Parasites can be transmitted either or both, vertically or horizontally, but the costs or benefits for the host due to infection have only been tested after horizontal transmission. Here as far as we know, is reported for the first time the survival, reproduction and infection of Aedes aegypti during vertical and horizontal transmission of Dengue virus 2 (DENV-2). Females infected horizontally produced more eggs with a sex ratio skewed to males compared to uninfected controls. However, there was a not significant difference on the number of emerging adults or mothers survival. On the other hand, dengue infected female offspring (vertical transmission) had shorter lifespan but compared to controls, there were no significant differences the amounts of eggs or sex ratio. Finally, the corroboration of infection revealed that virus infected about 11.5 % and 8.8 % of pools of mothers and of daughters, respectively. These results suggest that the mode of infection and the contact with the virus has no reproductive costs on female mosquitoes, which may explain why both types of transmission are evolutionary maintained. In addition, we suggest that more attention should be paid on male contribution to virus dissemination within and among populations and as reservoirs of the infection for human diseases.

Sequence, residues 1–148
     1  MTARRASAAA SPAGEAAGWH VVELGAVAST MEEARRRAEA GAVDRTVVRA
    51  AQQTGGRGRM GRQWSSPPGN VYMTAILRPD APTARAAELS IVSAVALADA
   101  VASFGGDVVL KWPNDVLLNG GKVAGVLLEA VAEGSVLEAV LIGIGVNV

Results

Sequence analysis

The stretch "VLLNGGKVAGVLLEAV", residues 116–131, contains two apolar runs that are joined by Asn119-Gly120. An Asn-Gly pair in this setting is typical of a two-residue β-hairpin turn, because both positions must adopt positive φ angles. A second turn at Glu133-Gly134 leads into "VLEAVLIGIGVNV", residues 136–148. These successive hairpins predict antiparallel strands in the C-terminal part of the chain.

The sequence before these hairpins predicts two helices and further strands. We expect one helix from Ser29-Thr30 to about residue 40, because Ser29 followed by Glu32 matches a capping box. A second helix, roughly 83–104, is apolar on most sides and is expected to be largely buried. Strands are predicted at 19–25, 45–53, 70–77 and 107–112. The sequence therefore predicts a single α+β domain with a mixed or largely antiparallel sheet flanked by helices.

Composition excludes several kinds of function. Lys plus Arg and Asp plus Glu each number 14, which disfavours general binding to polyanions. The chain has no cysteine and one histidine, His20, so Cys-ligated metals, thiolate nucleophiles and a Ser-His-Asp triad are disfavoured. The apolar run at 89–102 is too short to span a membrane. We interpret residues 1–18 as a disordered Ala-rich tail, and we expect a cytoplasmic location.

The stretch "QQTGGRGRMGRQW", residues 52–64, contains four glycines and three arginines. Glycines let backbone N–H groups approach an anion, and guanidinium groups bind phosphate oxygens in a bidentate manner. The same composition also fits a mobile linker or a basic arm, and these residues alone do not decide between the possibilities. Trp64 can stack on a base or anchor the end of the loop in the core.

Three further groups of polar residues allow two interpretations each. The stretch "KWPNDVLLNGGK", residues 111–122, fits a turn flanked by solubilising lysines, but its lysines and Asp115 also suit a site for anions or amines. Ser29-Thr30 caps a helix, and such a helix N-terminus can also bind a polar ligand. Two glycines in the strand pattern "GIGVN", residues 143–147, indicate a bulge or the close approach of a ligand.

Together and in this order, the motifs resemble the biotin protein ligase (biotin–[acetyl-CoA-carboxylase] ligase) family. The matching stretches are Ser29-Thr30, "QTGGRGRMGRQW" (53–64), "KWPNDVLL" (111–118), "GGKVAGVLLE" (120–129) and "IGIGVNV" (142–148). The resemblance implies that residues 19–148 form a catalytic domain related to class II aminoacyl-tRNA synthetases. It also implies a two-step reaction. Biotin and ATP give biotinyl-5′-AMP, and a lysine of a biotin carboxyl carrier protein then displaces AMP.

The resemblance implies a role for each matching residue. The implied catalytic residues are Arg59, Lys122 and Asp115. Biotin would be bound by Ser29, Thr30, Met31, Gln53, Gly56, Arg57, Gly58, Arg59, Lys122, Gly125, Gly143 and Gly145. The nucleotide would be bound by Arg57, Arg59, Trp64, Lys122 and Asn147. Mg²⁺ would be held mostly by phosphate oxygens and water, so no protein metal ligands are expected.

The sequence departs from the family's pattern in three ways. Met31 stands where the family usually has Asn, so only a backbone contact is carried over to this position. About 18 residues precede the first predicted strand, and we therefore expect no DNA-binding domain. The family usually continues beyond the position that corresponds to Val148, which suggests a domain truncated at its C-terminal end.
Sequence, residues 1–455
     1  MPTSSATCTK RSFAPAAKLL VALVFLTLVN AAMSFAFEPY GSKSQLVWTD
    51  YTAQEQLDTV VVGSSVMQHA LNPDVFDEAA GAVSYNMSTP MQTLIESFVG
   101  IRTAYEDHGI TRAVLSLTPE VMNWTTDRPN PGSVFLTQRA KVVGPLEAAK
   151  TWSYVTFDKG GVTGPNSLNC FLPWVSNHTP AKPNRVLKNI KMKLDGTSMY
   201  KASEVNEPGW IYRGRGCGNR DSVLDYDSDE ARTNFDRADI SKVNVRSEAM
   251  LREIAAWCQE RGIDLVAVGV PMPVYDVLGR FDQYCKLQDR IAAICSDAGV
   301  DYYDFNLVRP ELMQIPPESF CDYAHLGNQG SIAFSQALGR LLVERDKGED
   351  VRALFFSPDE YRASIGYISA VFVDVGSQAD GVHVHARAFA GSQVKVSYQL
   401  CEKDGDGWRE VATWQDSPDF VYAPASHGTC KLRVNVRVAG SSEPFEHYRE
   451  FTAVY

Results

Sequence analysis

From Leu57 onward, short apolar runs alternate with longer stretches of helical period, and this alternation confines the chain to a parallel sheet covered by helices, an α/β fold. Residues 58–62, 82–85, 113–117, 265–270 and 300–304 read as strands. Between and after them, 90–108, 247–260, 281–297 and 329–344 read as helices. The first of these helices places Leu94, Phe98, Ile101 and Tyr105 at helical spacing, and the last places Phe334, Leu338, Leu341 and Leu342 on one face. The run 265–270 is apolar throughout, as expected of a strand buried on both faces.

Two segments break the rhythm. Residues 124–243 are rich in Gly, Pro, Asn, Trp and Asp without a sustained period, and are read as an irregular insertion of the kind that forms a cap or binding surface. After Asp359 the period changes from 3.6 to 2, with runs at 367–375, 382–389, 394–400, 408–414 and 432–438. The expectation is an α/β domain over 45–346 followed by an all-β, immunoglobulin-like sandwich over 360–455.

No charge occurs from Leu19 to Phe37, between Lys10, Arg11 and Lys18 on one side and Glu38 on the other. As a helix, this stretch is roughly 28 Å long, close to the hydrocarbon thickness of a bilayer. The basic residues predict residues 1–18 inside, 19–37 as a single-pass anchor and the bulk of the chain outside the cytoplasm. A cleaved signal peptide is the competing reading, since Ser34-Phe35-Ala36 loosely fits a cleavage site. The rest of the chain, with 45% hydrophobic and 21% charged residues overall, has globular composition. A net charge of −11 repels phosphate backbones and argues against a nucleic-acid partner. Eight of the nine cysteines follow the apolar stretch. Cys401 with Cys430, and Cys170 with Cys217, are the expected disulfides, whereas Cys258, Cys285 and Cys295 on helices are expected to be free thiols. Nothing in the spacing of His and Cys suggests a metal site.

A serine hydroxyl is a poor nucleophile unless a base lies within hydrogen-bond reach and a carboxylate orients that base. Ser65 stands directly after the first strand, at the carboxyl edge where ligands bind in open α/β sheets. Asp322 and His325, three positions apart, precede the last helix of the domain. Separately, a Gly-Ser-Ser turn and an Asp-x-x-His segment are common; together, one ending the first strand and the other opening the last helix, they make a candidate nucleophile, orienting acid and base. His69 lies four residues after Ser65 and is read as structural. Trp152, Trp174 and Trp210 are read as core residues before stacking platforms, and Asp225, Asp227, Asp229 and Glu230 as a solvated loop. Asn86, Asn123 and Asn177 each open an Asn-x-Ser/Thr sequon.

- Received July 7, 2016.
- Accepted August 29, 2016.
- © 2016. Published by The Company of Biologists Ltd